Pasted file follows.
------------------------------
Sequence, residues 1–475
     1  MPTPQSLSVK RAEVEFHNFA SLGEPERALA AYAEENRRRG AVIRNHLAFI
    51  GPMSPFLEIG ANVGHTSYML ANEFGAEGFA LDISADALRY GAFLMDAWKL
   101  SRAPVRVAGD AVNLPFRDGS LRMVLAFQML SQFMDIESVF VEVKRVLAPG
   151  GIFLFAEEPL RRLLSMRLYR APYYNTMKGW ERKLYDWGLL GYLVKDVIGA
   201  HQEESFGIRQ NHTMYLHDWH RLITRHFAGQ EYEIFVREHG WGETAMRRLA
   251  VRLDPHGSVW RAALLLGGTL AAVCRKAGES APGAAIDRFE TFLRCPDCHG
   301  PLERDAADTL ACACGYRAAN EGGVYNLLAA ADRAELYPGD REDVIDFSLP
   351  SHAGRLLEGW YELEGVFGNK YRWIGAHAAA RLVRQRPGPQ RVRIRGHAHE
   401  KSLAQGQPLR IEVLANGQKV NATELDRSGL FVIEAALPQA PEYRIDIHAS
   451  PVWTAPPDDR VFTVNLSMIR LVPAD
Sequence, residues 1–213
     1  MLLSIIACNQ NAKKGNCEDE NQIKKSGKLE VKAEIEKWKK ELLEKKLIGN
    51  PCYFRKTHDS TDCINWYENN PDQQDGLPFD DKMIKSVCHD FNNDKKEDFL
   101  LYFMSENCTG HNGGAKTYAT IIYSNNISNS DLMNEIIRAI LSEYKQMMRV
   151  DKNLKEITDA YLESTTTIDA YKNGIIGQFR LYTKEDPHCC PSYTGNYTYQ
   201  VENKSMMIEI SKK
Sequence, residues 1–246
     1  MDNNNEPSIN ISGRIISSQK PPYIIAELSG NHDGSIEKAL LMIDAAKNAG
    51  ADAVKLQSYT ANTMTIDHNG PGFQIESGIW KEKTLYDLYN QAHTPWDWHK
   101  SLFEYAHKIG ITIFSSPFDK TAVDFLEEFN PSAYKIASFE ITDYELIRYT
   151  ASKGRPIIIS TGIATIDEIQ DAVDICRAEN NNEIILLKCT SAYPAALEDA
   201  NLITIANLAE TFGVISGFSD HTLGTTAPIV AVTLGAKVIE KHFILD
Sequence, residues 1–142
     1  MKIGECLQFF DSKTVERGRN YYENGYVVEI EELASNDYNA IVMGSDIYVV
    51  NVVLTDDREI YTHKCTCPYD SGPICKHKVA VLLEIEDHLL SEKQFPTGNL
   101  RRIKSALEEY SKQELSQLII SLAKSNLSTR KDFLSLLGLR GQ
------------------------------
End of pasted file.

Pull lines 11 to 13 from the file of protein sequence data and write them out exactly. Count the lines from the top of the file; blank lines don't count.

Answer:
   451  PVWTAPPDDR VFTVNLSMIR LVPAD
Sequence, residues 1–213
     1  MLLSIIACNQ NAKKGNCEDE NQIKKSGKLE VKAEIEKWKK ELLEKKLIGN